1. Hello Leo,
    Your article coming at this particular time is an amazing coincidence. I use a desktop email program, and just yesterday when searching for an item, I typed *eml in the search box. To my surprise I found that my “Deleted” emails were not truly deleted, only hidden away. It was like a trip back in time!

    Reply
  2. Leo – I interpreted the question differently.

    You assumed that the writer hopes to recover a message that had been deleted prematurely or accidentally. I assumed he or she wants assurance that no one, including law enforcement officials, can find an email that had been deleted from every obvious location (inbox, equivalent of recycle bin, etc.)

    Regardless, your answer showed that everything we assume to be deleted can be retrieved by someone, at least for some period of time.

    Reply
  3. You only mentioned it briefly, but I think keeping your own mail backups is a simple and secure solution. I suggest using a mail client (My preference is Thunderbird) and then simply backup the Thunderbird folder containing your mail. I back up the folder 3-4 times a week and recovering individual messages or messages folders can be easily done. The Mozilla website has easy to find and simple instructions for locating the appropriate Thunderbird folder on your computer.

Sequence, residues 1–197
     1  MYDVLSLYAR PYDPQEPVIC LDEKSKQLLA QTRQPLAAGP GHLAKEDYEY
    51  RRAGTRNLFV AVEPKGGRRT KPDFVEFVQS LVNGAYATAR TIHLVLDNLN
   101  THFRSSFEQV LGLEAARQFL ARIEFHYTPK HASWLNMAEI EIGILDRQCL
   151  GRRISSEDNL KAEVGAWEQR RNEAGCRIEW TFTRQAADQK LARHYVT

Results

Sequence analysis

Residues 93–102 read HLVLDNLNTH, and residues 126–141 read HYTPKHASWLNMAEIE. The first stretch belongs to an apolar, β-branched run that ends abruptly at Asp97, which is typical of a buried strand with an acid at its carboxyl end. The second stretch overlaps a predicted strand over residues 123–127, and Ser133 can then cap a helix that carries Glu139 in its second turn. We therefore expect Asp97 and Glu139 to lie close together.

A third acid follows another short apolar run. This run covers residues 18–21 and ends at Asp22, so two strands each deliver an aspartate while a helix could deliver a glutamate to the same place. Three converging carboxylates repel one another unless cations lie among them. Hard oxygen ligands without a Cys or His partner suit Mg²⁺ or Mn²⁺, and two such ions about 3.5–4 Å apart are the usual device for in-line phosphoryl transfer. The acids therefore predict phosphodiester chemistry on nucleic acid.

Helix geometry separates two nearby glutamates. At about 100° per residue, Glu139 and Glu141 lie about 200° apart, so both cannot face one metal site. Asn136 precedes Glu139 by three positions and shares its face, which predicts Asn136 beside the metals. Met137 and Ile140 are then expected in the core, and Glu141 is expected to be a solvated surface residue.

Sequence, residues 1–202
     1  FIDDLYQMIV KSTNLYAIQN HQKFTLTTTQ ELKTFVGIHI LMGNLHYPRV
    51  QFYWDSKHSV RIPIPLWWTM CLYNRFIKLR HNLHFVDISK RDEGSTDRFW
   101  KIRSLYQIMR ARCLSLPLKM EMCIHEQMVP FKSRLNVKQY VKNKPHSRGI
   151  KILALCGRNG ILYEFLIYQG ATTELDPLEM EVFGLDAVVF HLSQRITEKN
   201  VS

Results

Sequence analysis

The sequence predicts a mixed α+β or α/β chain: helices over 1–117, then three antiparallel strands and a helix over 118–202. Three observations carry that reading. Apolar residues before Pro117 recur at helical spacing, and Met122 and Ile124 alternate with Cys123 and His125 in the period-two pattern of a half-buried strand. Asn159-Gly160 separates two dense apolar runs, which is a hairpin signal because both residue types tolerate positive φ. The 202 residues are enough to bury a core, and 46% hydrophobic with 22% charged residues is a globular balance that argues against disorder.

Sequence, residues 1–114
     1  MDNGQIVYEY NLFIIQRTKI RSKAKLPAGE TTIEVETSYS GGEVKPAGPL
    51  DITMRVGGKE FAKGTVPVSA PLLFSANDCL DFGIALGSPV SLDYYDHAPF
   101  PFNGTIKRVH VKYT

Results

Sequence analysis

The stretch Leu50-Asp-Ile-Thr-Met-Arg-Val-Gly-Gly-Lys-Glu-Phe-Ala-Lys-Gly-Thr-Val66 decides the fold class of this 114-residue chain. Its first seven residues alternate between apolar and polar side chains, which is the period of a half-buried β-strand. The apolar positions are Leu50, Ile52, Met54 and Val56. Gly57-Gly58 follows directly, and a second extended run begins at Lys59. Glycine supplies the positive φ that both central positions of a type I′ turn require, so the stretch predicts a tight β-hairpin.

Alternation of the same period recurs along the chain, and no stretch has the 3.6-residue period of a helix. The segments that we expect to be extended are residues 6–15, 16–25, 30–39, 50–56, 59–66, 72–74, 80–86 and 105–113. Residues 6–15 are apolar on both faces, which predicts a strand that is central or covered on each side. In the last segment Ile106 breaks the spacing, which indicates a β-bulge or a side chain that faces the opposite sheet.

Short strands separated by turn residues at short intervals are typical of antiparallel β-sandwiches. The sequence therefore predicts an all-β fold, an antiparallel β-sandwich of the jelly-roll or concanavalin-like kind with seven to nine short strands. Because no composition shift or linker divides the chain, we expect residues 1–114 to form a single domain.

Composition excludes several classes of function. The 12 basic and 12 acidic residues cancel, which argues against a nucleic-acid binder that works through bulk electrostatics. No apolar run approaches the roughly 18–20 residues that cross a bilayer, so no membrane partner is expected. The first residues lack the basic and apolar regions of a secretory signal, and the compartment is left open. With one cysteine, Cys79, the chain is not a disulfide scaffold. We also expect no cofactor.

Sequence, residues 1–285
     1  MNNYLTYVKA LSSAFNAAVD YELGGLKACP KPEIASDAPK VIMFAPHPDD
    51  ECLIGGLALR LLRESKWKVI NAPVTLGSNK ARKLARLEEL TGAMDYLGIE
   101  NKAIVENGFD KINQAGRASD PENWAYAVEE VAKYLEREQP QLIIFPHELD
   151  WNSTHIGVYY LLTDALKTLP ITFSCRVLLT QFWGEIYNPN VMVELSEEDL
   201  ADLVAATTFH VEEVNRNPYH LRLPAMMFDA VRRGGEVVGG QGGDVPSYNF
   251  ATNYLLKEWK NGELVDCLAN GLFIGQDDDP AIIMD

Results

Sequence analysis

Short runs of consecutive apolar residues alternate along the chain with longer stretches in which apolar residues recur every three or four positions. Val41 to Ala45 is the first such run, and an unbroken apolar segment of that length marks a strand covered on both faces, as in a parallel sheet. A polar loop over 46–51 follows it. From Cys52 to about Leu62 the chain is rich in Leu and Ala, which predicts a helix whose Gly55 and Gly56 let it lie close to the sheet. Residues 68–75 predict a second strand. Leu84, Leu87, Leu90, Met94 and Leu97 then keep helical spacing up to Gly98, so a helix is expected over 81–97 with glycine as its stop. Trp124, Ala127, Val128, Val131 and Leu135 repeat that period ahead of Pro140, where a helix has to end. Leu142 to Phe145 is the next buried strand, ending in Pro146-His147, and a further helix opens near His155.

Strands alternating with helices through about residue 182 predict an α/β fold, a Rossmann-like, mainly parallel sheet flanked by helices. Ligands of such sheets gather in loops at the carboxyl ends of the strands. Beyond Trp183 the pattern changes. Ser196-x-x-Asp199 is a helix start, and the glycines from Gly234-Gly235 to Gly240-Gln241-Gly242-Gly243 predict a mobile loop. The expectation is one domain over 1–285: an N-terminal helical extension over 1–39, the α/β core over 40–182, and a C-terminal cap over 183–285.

Reply
  4. All the “Free” internet services such as Yahoo, Google, and Facebook sell the personal information of their users. The biggest purchaser by far is the U.S. government. A Florida court case some time ago revealed that the typical charge for supplying information to the government was $40.00. For more information on this subject subscribe to any of the Sans Institute’s security newsletters.

    Disclaimer: I have no connection to the Sans Institute.

    Reply
  5. Leo,

    How do I retrieve deleted email in microsoft outlook 2007 SP2 MSS? I know of an add on (I use it at work with 2003) whereby when the deleted folder is selected, I can use Tools, Recover Deleted Email and retrieve it. I can’t seem to locate that in this version and I’ve deleted a bunch of email (very recently) that I need to retrieve! Thank you!

    Reply
  6. Leo, My Mozilla THunderbird did an archive on my email. But there are no archive files of folders generated. 2000+ email messages have disappeared. Any ideas? I have checked the “usual” suspects: Folder like Junk, Deleted, al the storage folders in the directory, but no luck in find the mail. Thanks! Ken

    Reply